April 21, 2013
An interview with Carol Bertrand. Her Role: Environmentalist
1. How did you get interested in environmental issues and nature?
Well, actually the nature part, I first got into gardening as a kid because I had two aunts and a grandmother. My mother wasnít a great gardener but these women were, so I got very interested in plants. After college, I guess I was always interested to see the connections between what people do and the environment. So, I know one of the early things, the mayor of my hometown appointed me to an environmental group in the city because I was always spouting off on things. I was in the Zanta International, which is a womenís service group. Itís kind of like Kiwanis or the Rotary but for women. I went up to Boston to one of their international conferences and they had a speaker there. She said, ĎService is the rent you pay for your room in the world.í It made a big impression on me, and I really took that to heart.
2. How long have you taken an active part in improving the environment?
Really, since I was a kid. My mom was into organizations. It didnít matter if it was making table favors or what it was, we got hauled into it. Through the years, Iíve done a variety of volunteer stints with a variety of groups ó historical preservation, community theater, environmental projects, the humane society. To me, I see all this as one whole problem. My husband and I have been in Lima for 30 years. I first volunteered with the Welcome Wagon and then our next door neighbor introduced us to Johnny Appleseed Metropolitan Park District. So, I volunteered there in various things like at the annual apple festival. I compiled an apple cookbook as a fundraiser. Weíve been part of the wild garlic pulling gang for 14 or 15 years now to save the wildflowers in Kendrick Woods. The park district and Audubon ó it has just been a lot of things weíve done. Now Iím walking around my ward to pass out information on Johnny Appleseedís replacement levy thatís on the May 7 ballot.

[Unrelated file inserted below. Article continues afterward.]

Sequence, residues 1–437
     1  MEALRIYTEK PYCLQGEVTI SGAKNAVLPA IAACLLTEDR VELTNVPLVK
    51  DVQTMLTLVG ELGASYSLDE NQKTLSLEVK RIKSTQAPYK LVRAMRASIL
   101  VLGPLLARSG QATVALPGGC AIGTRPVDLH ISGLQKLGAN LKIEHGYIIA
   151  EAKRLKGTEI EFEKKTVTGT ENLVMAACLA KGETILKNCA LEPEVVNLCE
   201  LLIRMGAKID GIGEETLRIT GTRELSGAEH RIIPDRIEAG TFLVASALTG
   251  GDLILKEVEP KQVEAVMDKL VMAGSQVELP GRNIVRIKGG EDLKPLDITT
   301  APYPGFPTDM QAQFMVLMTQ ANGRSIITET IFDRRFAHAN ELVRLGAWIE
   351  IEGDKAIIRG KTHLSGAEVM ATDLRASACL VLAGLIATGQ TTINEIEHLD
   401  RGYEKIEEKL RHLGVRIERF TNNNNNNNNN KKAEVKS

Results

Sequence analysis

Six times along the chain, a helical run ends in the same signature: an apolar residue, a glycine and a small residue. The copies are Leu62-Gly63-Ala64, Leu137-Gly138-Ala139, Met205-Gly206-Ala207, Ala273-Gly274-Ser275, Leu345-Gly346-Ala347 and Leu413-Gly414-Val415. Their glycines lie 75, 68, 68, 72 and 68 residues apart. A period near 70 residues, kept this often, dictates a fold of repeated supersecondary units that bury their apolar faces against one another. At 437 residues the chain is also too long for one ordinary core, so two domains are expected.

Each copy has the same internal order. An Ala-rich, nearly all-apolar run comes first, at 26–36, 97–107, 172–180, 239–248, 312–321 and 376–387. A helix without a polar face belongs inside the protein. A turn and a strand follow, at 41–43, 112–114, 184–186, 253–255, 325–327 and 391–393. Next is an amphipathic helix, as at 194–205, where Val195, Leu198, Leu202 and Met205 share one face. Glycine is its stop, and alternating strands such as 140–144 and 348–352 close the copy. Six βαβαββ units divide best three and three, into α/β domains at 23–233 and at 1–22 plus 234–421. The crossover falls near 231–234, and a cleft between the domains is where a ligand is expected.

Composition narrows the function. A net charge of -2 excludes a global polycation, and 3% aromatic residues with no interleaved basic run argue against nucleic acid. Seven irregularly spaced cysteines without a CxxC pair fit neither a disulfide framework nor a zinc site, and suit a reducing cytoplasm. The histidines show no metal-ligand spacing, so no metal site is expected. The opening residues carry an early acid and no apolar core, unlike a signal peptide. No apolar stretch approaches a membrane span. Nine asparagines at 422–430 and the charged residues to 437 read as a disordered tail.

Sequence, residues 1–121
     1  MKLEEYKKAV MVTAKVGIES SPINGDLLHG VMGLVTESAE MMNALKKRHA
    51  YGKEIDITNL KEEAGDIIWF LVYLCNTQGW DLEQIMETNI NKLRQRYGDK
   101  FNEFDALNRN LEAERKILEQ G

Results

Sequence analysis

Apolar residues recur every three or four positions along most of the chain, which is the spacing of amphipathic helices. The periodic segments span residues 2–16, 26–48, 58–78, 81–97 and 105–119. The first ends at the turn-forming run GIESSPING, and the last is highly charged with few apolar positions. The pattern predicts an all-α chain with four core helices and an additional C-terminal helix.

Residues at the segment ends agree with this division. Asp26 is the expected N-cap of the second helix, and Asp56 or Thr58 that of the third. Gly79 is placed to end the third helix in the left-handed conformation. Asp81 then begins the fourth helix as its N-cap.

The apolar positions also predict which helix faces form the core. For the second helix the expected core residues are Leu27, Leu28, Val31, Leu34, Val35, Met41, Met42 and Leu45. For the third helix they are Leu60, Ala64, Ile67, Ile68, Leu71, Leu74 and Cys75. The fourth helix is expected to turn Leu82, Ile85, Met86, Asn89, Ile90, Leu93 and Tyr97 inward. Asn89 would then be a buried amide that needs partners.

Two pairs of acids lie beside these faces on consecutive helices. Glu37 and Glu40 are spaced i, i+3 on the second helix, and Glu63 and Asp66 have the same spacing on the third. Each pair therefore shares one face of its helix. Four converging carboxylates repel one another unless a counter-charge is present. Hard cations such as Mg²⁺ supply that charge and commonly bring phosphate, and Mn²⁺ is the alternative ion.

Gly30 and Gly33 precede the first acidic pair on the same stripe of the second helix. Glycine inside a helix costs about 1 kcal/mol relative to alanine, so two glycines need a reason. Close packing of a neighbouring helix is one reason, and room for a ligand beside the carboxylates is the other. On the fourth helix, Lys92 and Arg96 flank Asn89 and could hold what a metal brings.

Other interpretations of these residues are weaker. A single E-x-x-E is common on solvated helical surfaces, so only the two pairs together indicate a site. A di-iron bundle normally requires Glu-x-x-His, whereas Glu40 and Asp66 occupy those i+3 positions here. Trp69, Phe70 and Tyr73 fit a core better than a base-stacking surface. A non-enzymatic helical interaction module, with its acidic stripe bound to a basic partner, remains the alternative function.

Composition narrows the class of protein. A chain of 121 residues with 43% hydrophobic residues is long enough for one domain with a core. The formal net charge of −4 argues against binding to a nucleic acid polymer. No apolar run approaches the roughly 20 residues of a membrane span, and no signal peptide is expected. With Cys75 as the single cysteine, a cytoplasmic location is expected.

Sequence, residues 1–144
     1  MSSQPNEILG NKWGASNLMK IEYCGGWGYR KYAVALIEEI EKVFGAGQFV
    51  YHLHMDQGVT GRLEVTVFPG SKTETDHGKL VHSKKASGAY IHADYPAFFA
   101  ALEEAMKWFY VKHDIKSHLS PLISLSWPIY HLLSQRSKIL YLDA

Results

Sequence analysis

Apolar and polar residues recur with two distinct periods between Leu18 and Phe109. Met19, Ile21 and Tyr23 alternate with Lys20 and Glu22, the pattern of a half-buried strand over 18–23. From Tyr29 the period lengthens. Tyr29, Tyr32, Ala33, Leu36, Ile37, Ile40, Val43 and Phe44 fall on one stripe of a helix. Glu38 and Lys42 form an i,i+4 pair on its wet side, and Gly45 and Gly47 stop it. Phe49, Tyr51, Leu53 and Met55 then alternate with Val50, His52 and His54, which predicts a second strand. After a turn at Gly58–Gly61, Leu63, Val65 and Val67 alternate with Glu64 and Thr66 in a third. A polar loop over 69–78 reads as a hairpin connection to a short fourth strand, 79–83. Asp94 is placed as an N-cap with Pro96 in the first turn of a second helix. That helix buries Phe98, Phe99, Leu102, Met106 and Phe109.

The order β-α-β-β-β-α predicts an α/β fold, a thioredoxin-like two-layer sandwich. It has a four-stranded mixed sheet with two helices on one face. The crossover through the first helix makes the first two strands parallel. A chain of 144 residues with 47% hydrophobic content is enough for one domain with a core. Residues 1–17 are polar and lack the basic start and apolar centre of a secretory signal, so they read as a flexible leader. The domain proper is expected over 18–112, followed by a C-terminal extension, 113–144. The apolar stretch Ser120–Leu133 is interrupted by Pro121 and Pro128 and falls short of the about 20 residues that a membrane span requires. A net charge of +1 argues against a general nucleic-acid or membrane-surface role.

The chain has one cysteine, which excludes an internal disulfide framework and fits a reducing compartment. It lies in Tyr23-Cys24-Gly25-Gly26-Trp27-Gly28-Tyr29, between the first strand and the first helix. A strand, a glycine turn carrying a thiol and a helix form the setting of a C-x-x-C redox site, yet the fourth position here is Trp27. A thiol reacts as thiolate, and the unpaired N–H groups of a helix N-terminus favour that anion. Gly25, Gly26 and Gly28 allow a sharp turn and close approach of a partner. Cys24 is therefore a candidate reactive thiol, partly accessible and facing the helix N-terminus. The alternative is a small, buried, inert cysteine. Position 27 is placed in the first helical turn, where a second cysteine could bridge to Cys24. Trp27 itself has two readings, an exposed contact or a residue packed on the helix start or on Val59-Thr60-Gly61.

3. What are the primary things you are involved in now?
Probably the one thing I give the most time to currently is the Tri-Moraine Audubon Society. Thatís a local chapter of the national Audubon Society. We do everything from recycling, helping with the annual bird seed sale, help raise money and work on projects. With Audubon, I was president for a total of eight years. Right now, I do the publicity and I am the education chair. We have the Audubon Adventures program for grades one through six in the schools in our eight-county service areas. I represent the Tri-Moraine Audubon Society on the Citizensí Advisory Committee for the Lima- Allen County Regional Planning Commission and represent the chapter as a substitute representative on the Ottawa River Coalition. Iím also a member of the Allen County Citizens for the Environment, West Central Ohio Land Conservancy and the Allen County Local Emergency Planning Committee where I represent the public.
4. Do you have a favorite volunteer activity?
I donít think really, but I like being in the outdoors. Iím a librarian though, so Iím good with paperwork. Nobody else wants to do that, so I always seem to end up with it. I like everything really. Thatís why I ended up as a librarian ó I like a lot of different things.
5. What things do you wish people would do as far as the environment that would make a difference?
Reduce, reuse and recycle, is what we say, right? If people would put trash where it belongs that would make a difference. Iím sure the farmers would appreciate it. I really do believe in clean air, clean water and clean soil. Plastic is here for hundreds of years and doesnít help that. People can replant a tree. Weíve lost so many to storms, the ice storm or the elm borer. They muffle sound, hold soil, save money for people, provide shade. Just make sure you plant them well.